You may choose to believe that these men knew nothing, and saw nothing, in their combined 27 years on campus. And you might be proved correct. All of the allegations have not been heard. All of the facts have not come forth.
That's the point.
Joe Starkey co-hosts a show 2 to 6 p.m. weekdays on 93.7 “The Fan.” His columns appear Thursdays and Sundays. He can be reached at firstname.lastname@example.org.
- Steelers rookie safety Thomas learning from Polamalu, Clark
- Elizabeth Township officials seek property to store road materials
- White Oak amends dog ordinance
- Pirates notebook: Mercer now the top option at shortstop
- Pilot of ultralight plane killed in crash
- Unchecked looting guts Egypt’s heritage, with one ancient site ‘70 percent gone’
- First-rounder McGuire expected to sign with Pirates on Tuesday
- Police: Beating victim, son forged prescriptions
- Steelers defensive lineman Keisel hosts kids for day of fishing
- Reds hit 4 solo homers, defeat Pirates, 4-1
- Heroin cited in gun thefts
You must be signed in to add comments
To comment, click the Sign in or sign up at the very top of this page.
Starkey is making ASSUMPTIONS & you know what they say about that. Why stop at the assisatants. His colleague @ 93.7 the fan Paul Alexander went to PSU, spoke at 2nd Mile functions & covered JS longer than Vandy worked with JS. Starkey is as sick as the officials who allegedly covered this tragedy up. He is exploiting the tragedy & spinning information to get his 15 minutes of fame. SHAMEFUL
Submitted by: Liz on Thursday, June 14, 2012
Following this argument then: How long have you been working for the Trib and The Fan? Surely between the numerous coworkers and employers at both these locations, many people have on their personal record either an illegal or unethical act. Since you've known these people for some amount of time, it is safe to assume you must at least know something about these act especially if they were committed or planned on Trib or The Fan property. Thus, until it can be proven what you knew and when you knew of it of the myriad of probable misgivings committed by your co-workers, we should hold you accountable and the Trib/Fan should suspend your work till you are proven innocent.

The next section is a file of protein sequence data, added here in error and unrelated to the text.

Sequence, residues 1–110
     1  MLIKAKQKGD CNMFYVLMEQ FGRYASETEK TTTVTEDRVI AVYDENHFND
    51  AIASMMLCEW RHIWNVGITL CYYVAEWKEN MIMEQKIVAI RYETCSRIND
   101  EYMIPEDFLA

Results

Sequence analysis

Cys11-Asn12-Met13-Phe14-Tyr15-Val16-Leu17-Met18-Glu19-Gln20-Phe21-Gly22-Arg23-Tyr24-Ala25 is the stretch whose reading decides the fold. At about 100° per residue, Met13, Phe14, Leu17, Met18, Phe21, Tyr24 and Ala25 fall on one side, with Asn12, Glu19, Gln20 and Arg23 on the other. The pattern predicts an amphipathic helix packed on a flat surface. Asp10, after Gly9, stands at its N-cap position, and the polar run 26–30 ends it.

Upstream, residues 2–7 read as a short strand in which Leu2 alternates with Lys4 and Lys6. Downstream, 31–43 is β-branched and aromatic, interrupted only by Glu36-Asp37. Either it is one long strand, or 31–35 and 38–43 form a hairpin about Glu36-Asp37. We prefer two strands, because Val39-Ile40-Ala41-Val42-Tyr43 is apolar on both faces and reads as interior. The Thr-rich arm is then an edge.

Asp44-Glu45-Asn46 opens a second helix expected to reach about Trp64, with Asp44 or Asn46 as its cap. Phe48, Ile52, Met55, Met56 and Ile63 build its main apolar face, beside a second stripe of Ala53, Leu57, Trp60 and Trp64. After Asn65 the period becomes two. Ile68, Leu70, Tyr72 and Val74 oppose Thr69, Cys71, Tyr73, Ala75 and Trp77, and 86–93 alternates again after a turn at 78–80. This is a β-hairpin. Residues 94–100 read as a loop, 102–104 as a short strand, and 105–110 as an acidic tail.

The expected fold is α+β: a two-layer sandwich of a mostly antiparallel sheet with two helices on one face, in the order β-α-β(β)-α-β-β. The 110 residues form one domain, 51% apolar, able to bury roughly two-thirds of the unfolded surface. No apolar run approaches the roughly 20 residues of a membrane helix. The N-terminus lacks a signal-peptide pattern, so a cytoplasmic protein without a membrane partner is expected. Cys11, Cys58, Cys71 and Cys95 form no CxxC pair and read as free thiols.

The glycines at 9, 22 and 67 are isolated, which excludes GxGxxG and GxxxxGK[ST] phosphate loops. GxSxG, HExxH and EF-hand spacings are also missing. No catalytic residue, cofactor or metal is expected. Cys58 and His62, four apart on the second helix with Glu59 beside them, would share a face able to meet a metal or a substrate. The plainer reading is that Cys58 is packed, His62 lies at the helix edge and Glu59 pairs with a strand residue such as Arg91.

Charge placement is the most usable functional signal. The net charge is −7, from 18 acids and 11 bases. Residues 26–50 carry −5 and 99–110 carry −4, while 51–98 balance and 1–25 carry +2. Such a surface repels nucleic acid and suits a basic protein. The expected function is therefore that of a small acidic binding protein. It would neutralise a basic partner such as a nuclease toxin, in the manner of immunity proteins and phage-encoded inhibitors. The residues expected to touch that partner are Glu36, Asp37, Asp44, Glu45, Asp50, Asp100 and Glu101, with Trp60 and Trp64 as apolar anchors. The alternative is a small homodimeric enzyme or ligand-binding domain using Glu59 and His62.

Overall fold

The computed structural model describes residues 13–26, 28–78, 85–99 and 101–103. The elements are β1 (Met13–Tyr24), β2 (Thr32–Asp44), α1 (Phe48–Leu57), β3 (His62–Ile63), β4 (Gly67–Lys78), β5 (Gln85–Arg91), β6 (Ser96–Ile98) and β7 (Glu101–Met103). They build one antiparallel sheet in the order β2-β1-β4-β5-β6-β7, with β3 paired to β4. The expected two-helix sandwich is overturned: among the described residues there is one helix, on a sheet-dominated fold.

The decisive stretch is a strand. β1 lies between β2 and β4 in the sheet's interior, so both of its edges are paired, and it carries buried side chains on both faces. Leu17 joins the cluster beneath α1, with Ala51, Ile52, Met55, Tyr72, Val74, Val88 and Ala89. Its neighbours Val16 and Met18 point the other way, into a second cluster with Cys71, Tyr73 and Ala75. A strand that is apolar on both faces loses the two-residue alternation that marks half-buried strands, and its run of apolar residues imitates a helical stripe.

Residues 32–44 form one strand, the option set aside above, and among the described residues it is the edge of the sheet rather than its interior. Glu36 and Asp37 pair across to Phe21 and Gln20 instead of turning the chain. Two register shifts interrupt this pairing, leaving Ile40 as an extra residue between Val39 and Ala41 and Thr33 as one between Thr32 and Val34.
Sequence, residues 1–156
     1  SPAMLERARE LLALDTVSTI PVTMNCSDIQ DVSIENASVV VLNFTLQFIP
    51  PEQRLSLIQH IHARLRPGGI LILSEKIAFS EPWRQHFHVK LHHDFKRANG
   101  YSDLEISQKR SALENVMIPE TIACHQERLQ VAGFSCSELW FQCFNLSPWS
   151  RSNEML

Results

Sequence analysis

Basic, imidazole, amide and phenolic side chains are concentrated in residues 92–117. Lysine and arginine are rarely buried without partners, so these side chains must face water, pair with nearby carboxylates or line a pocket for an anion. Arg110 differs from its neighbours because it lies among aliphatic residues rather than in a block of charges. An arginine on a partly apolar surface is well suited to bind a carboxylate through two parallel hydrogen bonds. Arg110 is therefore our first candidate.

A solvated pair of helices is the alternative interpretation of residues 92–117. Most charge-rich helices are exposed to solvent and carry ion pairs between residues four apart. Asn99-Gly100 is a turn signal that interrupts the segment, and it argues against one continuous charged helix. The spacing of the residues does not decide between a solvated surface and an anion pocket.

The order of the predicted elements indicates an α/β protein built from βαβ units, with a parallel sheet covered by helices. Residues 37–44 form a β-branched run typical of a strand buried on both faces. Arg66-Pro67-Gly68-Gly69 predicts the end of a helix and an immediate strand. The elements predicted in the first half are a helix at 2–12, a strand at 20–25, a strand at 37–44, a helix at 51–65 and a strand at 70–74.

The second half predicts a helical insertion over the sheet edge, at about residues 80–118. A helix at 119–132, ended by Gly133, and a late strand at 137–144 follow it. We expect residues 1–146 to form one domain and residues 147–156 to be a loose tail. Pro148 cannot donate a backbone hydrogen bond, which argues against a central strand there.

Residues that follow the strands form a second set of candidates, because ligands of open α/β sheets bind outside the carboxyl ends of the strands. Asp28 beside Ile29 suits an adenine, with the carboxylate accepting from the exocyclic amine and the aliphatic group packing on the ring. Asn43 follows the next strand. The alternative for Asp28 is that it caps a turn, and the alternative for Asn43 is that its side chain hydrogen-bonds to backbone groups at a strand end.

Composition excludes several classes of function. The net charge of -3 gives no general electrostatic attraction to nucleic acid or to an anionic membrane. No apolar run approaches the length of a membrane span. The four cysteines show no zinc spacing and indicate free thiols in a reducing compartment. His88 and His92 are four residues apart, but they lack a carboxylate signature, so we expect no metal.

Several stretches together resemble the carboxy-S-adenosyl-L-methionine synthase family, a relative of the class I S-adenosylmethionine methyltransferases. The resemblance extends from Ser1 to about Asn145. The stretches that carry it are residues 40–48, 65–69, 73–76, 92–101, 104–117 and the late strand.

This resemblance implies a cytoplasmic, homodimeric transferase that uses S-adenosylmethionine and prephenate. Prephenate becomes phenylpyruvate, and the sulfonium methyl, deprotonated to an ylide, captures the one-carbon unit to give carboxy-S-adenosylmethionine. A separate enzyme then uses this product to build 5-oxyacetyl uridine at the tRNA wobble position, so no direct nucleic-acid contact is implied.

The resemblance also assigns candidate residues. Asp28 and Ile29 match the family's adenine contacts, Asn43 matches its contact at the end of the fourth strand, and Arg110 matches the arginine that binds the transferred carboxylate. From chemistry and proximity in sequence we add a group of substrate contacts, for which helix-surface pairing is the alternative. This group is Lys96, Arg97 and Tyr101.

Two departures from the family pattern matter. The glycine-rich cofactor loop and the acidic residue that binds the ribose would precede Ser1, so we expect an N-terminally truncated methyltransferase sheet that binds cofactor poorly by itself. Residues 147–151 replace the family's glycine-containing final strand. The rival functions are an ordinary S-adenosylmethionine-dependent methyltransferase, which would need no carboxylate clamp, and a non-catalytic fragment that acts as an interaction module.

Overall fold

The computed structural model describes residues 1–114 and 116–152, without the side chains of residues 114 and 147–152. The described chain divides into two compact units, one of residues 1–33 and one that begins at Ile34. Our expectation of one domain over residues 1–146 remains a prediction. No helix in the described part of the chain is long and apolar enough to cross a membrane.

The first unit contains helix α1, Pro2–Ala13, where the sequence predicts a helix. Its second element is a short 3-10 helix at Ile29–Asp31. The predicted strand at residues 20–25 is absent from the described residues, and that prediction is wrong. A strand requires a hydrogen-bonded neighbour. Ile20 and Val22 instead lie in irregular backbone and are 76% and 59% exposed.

Submitted by: Panda on Thursday, June 14, 2012
For those of you not in the Pittsburgh area, this is why 93.7 "The Fan" is unlistenable.
Submitted by: Nancy on Thursday, June 14, 2012
O'Brien should have kept more of Paterno's talented coaching staff. Your logic-or should I say illogic--is as evil as Sandusky.
Submitted by: Chris on Thursday, June 14, 2012
Joe, Under these grounds are we to assume that the following individuals should be removed from coaching? - Al Golden - Greg Schiano - Brian Norwood I think that you may have misread the testimony as it is listed as FACT ( the victim testified to this! ) that no coach saw anything sexual whatsoever. It is all too easy for us to sit and play "armchair quarterback" and offer conjecture about the moral fiber of men who I doubt you have ever met personally. Sexual predators are just that, predators. A trait in child molesters is their ability to conceal their behavior. As another commentator illustrated, you have made a massive leap in judgement based off of what? The fact that one of the victims believed Bradley was suspicious? Who is to say he was suspicious? If we are moving on these grounds, then we may as well bring down the entire athletic department. As surely anyone affiliated with it MUST have known that their was a terrible wrongdoing happening. Based on your logic, and I hope others will read this, that in the event of a catastrophic incident ANYWHERE, anyone closely related to an event MUST be guilty purely by their involvement or relative proximity to the event. Let's take down the secretary, Sue Paterno, all spouses of everyone in the athletic department, neighbor's of Jerry...the list could go on and on. On these grounds, if anything poor happens at your news department you should know about it! Do not husband's cheat on their wives for years and have no inkling of it? People do have a way of hiding things. I sincerely disagree with this, and believe the coaching staff to be tremendous men who have been caught in a firestorm that they are wholly undeserving of. There is a reason that those men have not been called to trial, and unless they do I encourage to you to not drag their name's through the mud. Consider this the last Tribune I purchase. Poor journalism.